Looking, Asking, Selecting

A skeptic might see room for deception, but on one who tries to practice deception of this kind would have steady customers for long in Venice. Venetians know their produce and their fish, they know the places these come from, they know their market and its vendors. Nothing is accepted unquestioningly.

To understand how they shop, let us follow a svelte, smartly dressed woman who is going from stall to stall, peering intently only at radicchios and lettuces, and rucola, and onions. It is a sultry summer morning and evidently she has decided that all she is going to make for lunch is a salad.

To the various greens and sweet onions that she is looking for, she will probably add chunks of very good tuna packed in olive oil; some anchovies that she has bought loose under salt and will clean, fillet, and soak in olive oil herself; and a hard-boiled egg or two. Stay on her heels and eventually you'll see that she settles on what appears to be the most promising of the stalls, where she waits her turn.

When it comes she will not order until she has asked the vendor, and received reassuring answers to, such questions as, "This isn't yesterday's radicchio, is it? Is the rucola really wild, not cultivated? Is that S.Erasmo [one of the farm islands] lettuce? Is this truly - veramente - Tropea onion [very sweet red onion from Calabria, in the south]?" Not wanted to lose esteem by showing untoward credulity and shaking her head as if questioning the veracity of the replies, she will finally commit herself: A quarter pound of that please, and a head of the other, one of those, and a bunch of this.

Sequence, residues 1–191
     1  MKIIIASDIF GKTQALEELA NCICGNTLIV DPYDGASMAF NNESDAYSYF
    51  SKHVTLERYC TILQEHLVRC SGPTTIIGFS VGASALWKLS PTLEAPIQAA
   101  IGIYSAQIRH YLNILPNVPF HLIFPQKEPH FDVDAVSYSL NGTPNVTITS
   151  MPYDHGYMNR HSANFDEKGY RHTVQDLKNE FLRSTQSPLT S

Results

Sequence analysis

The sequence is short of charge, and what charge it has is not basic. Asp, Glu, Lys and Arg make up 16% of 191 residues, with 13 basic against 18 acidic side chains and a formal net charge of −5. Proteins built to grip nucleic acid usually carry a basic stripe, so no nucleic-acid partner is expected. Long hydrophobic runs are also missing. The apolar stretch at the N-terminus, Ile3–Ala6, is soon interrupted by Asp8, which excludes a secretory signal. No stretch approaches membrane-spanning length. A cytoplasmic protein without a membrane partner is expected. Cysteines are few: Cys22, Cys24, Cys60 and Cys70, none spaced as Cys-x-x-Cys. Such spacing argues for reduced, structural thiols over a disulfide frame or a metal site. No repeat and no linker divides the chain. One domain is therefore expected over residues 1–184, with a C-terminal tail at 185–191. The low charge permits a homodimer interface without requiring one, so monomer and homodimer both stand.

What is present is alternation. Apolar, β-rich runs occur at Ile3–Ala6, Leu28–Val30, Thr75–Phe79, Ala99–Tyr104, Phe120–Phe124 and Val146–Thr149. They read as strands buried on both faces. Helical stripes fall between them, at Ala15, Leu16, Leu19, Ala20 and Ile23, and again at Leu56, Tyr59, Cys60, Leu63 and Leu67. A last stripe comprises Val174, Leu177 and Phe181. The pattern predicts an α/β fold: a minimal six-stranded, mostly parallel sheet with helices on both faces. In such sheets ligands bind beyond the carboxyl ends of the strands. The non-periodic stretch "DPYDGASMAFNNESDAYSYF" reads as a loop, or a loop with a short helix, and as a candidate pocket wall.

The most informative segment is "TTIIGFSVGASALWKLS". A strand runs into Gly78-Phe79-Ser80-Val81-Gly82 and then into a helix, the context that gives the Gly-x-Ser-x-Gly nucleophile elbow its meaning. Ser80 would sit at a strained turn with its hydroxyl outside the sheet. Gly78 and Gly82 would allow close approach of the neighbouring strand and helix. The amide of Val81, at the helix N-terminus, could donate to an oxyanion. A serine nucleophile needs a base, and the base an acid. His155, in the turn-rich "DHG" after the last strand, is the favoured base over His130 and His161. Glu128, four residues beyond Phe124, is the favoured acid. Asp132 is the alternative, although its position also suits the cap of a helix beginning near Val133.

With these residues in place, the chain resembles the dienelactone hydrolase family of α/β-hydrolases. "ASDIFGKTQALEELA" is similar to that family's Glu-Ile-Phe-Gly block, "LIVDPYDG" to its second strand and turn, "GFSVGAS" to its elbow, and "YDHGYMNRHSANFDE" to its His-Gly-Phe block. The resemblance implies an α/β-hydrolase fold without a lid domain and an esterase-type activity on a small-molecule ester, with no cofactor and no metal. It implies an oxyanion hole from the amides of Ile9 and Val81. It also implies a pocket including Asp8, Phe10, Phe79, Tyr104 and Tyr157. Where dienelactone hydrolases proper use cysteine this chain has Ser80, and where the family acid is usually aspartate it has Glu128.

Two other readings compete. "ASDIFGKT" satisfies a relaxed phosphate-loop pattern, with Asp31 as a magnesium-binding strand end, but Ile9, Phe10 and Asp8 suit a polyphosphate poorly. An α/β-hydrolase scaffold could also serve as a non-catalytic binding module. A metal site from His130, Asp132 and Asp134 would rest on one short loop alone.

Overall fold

If it seems like a lot of trouble to take over a salad, it is food that she is going to put on the table, isn't it, and what could be more important? There are no decisions she will make, either that morning or in her life, to which she is likely to give more deliberate thought.

Knowing Your Market

When I have visitors whom I take to see Rialto, I know in advance that some will remark on how lucky I am and what would I ever do without such a market. I would do as I have always done and as I still continue to do what I am cooking away from Venice. I'd shop carefully, wherever I happened to be.

An encouraging development in America is the appearance of farmers' markets in cities and the proliferation of farmstands near agricultural communities offering vegetables and fruit that are local, nostrani. Some of the produce I have bought at such markets and farmstands, although limited in variety, need not envy - and sometimes may even surpass - the freshness and flavor of what I can get at Rialto.

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It has been my practice, however, whenever I am testing a recipe that I hope to publish or cooking for a demonstration either live or on television, to use only products that would be available to most of my readers and my audience, and thus I often rely on selective shopping at the local supermarkets. A genuine farmers' market can certainly provide better access to recently picked produce, but if you can't get to one when you need to cook, it would be foolish to wring your hands in discouragement and dismiss a supermarket's resources. They can be quite valuable if you do as my neighbors do at Rialto: Get to know the market.

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Not all supermarkets are the same; look for the best one in your area and be willing to travel a little farther, if necessary, to get to it. Rely on your eyes rather than on a shopping list. Even in the best produce department, the produce is not of identical freshness and quality every day. Take a long look before you decide.